The Temple of Poseidon overlooks Cape Sounion and the Aegean Sea. And what a breathtaking sea it is! I cannot get enough; the crystal clear blue water, pebble beaches, and gentle sea breezes are the things dreams are made of.According to classical Greek mythology, Cape Sounion got its name from a tragic turn of events. It’s the spot where the King of Athens, Aegeus, leapt to his death from a cliff in Cape Sounion. The story goes that the King despaired when he saw a black sail on his son’s (Theseus) ship returning from the Minotaur battles in Crete. The Minotaur was confined by its owner, King Minos of Crete, in a specially designed labyrinth. Every year, according to the myth, the Athenians were forced to send seven men and seven women to Minos as tribute. These tributes were placed in the Minotaur’s labyrinth to be devoured by the beast. Theseus had volunteered to go and attempt to slay the beast in Crete. King Aegeus and his son had agreed that upon his ships’ return, a black sail on the ship meant that Theseus had been killed by the Minotaur, whereas a white sail meant that he had survived the battle and killed the beast. The tragedy of the myth is that Theseus had in fact slain the beast, he had simply forgotten to change the sail on the ship from a black one to white a one, thus, causing his father’s tragic death. Anyone who knows Greek mythology knows it’s all about the tragedies.My first introduction to Cape Sounion was sipping frozen coffee, sitting on a pebble beach, talking with our wonderful Athenian hostess, Matina. We talked about growing up in the Greek isles and Kentucky, work aspirations, even astrology. I managed to take a quick dip in the sea as well (dip equals from the knees down as it was a bit chilly). And then, post-sunning, we headed up to the Temple of Poseidon.From the temple grounds, we could see the bay where we had spent the morning chatting away. And of course, the Temple of Poseidon with the Aegean Sea as the backdrop. I learned that the temple was built in 4 BC and is 60 meters above the sea’s surface. And, in a maritime country like Greece, Poseidon, the god of the sea, was second only to Zeus. What was perceived as Poseidon’s wrath, manifested in the form of storms, and was greatly feared by all mariners as storms frequently resulted in shipwrecks and drownings. Therefore, the temple at Cape Sounion served as a venue where mariners could satiate Poseidon by either making animal sacrifices or leaving gifts.After our tour, we explored the gift shop and I got some Aloe Vera juice (something I have never tried and was quite good) and Greek crisps for the lively ride home. Our small group loved talking; conversation about politics (South African, American and Greek), culture, love of food (one woman was an Indian cook), and our worldwide travels ensued.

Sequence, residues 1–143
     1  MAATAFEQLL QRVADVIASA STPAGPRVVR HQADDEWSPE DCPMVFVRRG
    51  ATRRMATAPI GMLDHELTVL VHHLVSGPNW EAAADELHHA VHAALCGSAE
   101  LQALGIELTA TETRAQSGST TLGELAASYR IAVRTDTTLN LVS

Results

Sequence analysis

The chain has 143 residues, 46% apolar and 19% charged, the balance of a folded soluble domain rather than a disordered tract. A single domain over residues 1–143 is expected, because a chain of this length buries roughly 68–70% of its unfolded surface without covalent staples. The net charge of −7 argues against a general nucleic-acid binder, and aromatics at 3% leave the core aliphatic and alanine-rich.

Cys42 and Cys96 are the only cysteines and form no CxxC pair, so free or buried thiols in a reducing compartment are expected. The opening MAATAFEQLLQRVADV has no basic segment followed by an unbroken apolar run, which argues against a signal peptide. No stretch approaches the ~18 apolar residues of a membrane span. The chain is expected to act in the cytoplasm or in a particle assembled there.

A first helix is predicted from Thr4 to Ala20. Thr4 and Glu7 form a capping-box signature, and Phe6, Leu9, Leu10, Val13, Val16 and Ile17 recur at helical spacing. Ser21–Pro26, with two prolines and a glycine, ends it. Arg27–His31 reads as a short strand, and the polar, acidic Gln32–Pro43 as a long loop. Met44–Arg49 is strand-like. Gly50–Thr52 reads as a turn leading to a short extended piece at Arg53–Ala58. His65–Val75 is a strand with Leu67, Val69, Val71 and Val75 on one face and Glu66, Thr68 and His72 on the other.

After a stroll through Athens, past the Arch of Hadrian and the Panathenaic Stadium, I got back to the hotel and ordered late lunch via room service (because why not). An amazingly tasty salad arrived, then I headed up for a final couple hours in the sun, a swim, and to soak up the view of the Athens Acropolis from our rooftop. Then, I met Ger and we snuck into the Hilton’s Galaxy Bar (famous for the city views) for cocktails while we watched the sunset over Athens. It was quite a pleasant experience. We ended up at a cozy outdoor space for our final Greek dinner where we ordered some authentic Greek dishes, a bottle of local white wine (love drinking local concoctions), and recalled our trip. Fab last night in Greece! We headed home the following morning and cannot wait to visit Greece again; we genuinely loved it! Until then 😉